Ever heard of the Spanish Steps before? 

If you haven't, you might make the assumption that the Spanish Steps can be found somewhere in Spain due to its name. Believe it or not, that's not exactly the case. 

The Spanish Steps can actually be found in Rome, Italy, and it is one of the Italian capital's well-known destinations. It has a grand total of 135 steps as well as three terraces. But how exactly did a set of steps in Rome end up being known as the Spanish Steps? 

The Spanish Steps, Rome, Italy

(Photo : Bella Javier Liamzon / Travelers Today )

The History of the Spanish Steps 

To start with, Spanish Steps is not the official name given to these steps. The official name happens to be Scalinata della Trinità dei Monti. These 135 steps connect Piazza di Spagna, which can be found at its base, to the Trinita dei Monti, a French monastery church. 

The staircase was not funded by an Italian or Spaniard despite its nickname and its location. Instead, it was commissioned by a French diplomat named Étienne Gueffier. It said that the French wanted a symbolic connection of sorts between France and Spain as represented by Piazza di Spagna and Trinità dei Monti. 

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The Spanish Connection

So what does this have to do with how the Spanish Steps got its well-known nickname? The answer lies in Piazza di Spagna. 

Translated in English, Piazza di Spagna is pretty much the "Spanish Square." Piazza di Spagna got its name from the fact that the Spanish embassy to the Holy See is located in the square.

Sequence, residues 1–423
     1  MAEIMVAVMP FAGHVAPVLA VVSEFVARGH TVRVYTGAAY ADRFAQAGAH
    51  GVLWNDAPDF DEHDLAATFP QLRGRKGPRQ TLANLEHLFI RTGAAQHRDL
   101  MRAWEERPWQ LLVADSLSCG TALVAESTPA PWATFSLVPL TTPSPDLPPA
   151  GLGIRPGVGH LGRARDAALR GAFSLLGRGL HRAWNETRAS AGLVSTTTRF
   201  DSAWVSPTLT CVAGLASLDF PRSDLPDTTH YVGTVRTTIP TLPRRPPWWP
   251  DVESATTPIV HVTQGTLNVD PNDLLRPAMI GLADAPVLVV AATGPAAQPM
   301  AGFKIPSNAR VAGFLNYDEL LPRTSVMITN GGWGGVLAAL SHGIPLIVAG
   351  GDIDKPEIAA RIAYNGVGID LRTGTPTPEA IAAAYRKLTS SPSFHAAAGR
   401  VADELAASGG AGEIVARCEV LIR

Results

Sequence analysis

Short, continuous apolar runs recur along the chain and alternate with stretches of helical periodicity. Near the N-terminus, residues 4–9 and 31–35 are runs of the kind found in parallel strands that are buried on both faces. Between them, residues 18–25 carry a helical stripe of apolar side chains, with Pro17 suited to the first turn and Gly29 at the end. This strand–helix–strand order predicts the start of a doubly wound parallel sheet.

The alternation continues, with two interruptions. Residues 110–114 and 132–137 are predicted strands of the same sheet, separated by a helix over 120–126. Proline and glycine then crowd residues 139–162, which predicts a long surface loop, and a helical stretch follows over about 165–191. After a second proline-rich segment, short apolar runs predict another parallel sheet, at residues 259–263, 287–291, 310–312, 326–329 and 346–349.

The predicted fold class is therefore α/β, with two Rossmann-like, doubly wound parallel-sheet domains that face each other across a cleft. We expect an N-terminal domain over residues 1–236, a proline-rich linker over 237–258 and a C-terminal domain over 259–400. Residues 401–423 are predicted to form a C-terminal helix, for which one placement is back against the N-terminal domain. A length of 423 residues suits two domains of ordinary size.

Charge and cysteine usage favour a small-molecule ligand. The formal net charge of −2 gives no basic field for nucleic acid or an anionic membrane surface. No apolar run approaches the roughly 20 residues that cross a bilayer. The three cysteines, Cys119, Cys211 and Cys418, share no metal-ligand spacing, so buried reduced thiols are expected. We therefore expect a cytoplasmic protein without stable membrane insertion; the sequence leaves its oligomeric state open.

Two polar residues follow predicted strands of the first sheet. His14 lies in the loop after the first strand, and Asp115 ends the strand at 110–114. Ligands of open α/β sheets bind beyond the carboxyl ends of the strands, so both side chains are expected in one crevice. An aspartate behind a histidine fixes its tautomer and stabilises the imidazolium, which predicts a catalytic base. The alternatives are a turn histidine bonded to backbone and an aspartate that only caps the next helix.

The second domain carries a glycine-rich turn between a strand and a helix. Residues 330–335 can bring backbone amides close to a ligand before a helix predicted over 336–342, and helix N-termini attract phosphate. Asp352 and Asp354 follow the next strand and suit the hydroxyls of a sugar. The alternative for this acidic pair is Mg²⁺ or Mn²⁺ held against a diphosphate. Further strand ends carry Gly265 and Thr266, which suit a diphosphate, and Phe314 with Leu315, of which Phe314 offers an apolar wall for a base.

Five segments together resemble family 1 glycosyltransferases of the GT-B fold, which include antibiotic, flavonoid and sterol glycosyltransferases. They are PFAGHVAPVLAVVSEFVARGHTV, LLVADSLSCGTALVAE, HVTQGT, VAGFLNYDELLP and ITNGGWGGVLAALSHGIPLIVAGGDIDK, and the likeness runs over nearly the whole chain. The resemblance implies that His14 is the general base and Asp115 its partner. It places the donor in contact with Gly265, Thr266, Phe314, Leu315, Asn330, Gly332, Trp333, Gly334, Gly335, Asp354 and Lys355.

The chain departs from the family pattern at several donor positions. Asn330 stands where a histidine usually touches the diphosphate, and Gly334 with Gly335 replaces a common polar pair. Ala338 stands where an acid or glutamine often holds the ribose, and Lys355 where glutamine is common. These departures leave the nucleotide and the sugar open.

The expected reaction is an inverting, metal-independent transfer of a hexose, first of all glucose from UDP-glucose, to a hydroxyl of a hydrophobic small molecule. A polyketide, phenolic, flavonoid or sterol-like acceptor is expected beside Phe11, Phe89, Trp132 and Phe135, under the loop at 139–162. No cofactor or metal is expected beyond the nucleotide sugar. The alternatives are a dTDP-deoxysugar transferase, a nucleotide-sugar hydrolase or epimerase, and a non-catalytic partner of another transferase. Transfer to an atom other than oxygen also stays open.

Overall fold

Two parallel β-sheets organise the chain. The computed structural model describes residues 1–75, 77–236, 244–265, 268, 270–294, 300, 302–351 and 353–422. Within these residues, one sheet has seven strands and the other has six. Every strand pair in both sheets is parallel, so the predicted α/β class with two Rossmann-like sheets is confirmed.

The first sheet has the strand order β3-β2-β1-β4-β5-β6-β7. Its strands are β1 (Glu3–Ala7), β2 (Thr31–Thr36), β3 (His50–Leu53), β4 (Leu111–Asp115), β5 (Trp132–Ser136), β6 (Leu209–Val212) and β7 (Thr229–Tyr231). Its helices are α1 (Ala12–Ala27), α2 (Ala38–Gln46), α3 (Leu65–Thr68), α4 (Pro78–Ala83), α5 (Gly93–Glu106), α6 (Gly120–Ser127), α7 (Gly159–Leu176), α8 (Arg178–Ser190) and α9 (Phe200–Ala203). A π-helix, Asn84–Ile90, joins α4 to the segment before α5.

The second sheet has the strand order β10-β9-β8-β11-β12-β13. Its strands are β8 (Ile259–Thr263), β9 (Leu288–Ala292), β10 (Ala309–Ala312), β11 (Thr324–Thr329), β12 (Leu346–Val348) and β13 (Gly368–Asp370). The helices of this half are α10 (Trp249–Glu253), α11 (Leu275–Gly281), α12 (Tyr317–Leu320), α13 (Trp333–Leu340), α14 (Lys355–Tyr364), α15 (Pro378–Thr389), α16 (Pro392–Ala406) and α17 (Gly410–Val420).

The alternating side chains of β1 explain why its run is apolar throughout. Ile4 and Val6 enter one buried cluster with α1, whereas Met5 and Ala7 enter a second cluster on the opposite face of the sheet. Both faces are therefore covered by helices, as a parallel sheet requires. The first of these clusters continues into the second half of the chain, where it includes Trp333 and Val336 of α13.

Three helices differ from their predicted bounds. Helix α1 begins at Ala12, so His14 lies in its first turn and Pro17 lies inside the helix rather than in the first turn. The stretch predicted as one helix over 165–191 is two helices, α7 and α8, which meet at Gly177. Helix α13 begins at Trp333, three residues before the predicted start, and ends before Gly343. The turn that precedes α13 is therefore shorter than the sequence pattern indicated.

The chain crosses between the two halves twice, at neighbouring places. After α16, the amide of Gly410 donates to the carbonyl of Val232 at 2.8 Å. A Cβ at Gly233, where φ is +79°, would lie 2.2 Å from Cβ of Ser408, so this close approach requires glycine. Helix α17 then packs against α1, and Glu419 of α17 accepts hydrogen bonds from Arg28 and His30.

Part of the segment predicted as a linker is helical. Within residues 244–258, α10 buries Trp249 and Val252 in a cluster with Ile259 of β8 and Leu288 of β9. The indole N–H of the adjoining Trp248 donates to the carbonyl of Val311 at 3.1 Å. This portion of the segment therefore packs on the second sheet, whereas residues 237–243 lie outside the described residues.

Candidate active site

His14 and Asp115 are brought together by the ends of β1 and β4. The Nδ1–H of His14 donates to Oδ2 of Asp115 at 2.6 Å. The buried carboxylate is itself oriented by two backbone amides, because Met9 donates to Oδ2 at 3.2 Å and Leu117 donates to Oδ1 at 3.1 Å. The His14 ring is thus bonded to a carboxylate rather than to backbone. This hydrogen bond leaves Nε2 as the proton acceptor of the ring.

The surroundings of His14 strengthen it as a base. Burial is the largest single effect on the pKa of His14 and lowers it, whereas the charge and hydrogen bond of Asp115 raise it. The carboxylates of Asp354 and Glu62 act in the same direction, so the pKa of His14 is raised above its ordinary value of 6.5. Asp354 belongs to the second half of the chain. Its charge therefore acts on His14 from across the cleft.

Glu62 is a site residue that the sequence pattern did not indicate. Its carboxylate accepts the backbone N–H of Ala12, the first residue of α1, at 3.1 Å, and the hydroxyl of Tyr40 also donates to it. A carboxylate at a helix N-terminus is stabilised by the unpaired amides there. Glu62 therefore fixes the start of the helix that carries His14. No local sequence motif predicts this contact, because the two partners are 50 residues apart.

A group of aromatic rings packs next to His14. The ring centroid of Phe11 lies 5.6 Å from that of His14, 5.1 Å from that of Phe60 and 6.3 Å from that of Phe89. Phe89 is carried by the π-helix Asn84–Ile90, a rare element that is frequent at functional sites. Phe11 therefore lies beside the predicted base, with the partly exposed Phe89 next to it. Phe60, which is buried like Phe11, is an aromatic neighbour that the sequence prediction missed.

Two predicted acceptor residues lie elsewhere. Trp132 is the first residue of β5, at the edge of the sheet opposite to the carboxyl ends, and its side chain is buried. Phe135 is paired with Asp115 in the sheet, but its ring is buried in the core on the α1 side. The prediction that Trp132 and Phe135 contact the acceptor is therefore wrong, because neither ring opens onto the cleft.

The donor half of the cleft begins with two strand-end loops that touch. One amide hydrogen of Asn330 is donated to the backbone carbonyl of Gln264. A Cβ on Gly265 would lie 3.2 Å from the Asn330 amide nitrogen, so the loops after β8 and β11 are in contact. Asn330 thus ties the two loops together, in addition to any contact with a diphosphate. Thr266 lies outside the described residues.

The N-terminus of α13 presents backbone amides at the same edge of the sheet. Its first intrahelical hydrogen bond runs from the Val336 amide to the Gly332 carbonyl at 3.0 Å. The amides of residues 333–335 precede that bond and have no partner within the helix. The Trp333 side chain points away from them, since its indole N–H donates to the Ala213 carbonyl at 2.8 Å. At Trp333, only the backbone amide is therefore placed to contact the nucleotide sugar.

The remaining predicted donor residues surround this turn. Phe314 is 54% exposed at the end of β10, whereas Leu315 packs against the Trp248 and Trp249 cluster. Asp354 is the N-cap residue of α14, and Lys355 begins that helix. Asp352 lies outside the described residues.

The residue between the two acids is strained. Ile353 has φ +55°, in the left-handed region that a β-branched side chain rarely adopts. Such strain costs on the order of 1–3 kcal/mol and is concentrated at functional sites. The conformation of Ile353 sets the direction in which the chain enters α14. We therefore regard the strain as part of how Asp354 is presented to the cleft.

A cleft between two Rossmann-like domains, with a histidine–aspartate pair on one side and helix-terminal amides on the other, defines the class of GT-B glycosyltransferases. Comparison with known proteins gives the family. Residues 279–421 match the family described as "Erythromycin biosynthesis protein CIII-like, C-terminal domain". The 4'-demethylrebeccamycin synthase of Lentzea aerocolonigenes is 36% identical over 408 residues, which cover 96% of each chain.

Given its location, the steps eventually became known to the public as the Spanish Steps. 

What to Keep in Mind During Your Visit

Piazza di Spagna, Rome, Italy

(Photo : Bella Javier Liamzon / Travelers Today )

As it is one of the most popular tourist attractions in Rome, do expect crowd when visiting the Spanish Steps. While it is common to find locals and travelers alike sitting on the steps, watch out for the police. This writer and her husband, along with others, were asked by police not to sit on the steps during their visit in March 2024. 

While the Spanish Steps are an attraction in their own right, don't forget to explore the area. Piazza di Spagna is home to Fontana della Barcaccia, a work of sculptor Pietro Bernini. He is the father of the famed sculptor and architect Gian Lorenzo Bernini. 

On the other end of the Spanish Steps, you will find the Sallustiano Obelisk. From there, you can head to Trinita dei Monti, which is a must-visit for both its interior and exterior. 

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